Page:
Manolis Andronikos was born October 23, 1919 in Bursa, Turkey.
His father soon moved to Thessaloniki, the second-largest city in Greece and the ancient capital of Macedonia.
He went on to study philosophy at Aristotle University of Thessaloniki before eventually teaching Classical Archeology at the University in 1952.
In 1954, he continued his studies at Oxford University before returning once more to Aristotle University in 1957 and becoming professor of Archeology in 1964.
He then began archaeological research in various locations, but his main research focused on Vergina, a small town in northern Greece.
Aristotle University under the leadership of professor K. Rhomaios had began excavation at Vergina in 1937.
Around 650 BC, Perdiccas established the Kingdom of Macedon along with his capital city of Aegae.
Aegae is thought to mean “city of goats” after Perdiccas was advised to build his capital where the goats led him.
Archaeologists had been searching for Aegae since the early 1850’s when they discovered burial mounds in the hills around two small agricultural villages.
Excavations began in 1861 sponsored by French Emperor Napoleon III.
As a result of this interest, the modern town of Vergina was founded in 1922.
An ancient palace was discovered in 1937, however excavations were put on hold with the outbreak of World War II.
After the war the excavations resumed and dated to the reign of Philip II.
Philip II of Macedon was famous in antiquity as the father of Alexander the Great.
During the 1960’s, the rest of the ancient capital was uncovered including the theatre in which Philip II was murdered.
Then, after Manolis Andronikos began excavating the area, he became convinced that a hill called the Great Tumulus concealed tombs of Macedonian kings.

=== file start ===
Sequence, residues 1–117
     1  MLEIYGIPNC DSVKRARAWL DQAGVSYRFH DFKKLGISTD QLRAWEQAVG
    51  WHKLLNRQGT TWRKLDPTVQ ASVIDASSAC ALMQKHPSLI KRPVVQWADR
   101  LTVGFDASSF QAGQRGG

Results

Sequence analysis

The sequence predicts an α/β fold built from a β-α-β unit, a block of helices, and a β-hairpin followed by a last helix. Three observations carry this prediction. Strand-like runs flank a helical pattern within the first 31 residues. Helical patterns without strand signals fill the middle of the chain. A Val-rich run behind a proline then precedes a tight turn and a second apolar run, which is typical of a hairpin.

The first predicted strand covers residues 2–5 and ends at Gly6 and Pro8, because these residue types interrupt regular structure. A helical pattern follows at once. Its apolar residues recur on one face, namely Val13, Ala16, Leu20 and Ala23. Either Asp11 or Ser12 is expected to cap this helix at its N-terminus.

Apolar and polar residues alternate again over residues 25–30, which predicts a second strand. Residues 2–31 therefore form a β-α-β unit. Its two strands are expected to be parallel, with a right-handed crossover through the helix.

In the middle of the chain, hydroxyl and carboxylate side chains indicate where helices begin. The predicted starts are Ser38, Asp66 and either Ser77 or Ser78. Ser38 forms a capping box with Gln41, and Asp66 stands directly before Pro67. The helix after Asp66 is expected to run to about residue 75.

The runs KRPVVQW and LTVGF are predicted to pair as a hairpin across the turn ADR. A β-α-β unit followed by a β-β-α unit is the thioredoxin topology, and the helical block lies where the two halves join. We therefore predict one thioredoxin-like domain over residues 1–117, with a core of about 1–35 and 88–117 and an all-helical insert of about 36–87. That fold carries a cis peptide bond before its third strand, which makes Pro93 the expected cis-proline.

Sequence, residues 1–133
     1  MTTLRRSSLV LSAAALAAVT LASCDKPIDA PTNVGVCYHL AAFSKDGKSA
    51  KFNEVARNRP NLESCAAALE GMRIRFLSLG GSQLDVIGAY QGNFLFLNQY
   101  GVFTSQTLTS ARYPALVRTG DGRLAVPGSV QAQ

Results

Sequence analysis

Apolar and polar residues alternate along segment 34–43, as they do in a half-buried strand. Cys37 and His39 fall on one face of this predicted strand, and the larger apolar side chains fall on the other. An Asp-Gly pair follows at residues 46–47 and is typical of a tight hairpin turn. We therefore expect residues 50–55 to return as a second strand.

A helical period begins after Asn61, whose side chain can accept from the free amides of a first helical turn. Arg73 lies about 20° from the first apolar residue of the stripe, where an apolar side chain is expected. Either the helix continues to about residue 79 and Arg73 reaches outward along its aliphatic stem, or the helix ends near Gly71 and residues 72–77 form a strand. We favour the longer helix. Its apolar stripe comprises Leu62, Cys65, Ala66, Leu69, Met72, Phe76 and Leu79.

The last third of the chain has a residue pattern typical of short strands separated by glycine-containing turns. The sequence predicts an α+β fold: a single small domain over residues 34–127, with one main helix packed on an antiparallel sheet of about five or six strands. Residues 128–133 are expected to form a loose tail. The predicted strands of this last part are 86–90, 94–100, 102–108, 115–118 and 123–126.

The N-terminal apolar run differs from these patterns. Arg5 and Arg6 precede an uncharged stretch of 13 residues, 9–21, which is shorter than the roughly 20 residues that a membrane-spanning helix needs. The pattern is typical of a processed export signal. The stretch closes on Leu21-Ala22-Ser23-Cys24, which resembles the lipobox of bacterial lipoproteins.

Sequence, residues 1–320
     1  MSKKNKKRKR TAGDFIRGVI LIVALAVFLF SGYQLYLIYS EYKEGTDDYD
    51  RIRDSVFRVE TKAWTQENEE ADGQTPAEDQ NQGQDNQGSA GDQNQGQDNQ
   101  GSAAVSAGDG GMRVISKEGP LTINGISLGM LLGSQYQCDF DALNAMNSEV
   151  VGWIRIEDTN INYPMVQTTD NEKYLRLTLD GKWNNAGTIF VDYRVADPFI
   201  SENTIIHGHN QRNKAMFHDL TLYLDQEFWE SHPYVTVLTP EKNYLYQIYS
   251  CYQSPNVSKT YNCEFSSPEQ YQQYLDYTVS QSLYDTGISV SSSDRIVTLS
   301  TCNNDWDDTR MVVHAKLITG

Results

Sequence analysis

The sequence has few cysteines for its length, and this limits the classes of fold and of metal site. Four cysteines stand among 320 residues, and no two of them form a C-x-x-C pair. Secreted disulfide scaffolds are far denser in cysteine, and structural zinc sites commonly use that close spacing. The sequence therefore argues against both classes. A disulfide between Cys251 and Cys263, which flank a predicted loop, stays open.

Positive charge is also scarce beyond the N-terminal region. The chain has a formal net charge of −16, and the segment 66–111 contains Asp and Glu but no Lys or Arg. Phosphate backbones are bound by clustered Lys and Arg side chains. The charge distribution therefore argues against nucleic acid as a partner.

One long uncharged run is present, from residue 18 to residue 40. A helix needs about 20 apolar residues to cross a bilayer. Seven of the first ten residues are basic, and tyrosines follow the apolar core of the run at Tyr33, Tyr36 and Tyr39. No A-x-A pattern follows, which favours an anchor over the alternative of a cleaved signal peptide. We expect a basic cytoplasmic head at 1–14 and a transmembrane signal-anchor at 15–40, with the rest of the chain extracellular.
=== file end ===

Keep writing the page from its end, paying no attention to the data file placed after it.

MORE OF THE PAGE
Then in 1977, Manolis Andronikos undertook a six-week archaeological dig.
On November 8, 1977, he found four burial chambers including the tomb of Philip II, father of Alexander the Great. Two of the tombs were found to have been sacked.
The tomb of Philip II had two rooms. The main room included a marble sarcophagus with a larnax made of 24 carat gold weighing 11 kilograms.
On the remains of Philip II was a golden wreath of 313 oak leaves and 68 acorns weighing 717 grams.
In the other antechamber room, there was another sarcophagus containing the remains of a woman wrapped in a golden-purple cloth with a golden diadem decorated with flowers and enamel.
In 1978, the other undisturbed tomb was discovered to belong to Alexander IV, son of Alexander the Great.
The artifacts from this tomb were later included in the traveling exhibit “The Search for Alexander” displayed at four cities in the United States from 1980 to 1982.
While this discovery is of great archaeological importance, the identification of the tomb with Philip II has been disputed by some archaeologists; that said, if the tomb is not Philip’s, one of the others in the same complex probably is.
Manolis Andronikos lived permanently in Thessaloniki on Papafi Street and died on March 30, 1992.
Great Tumulus Museum
In 1993, the Great Tumulus Museum was built to protect the tombs and exhibit the artifacts.
Now WE know em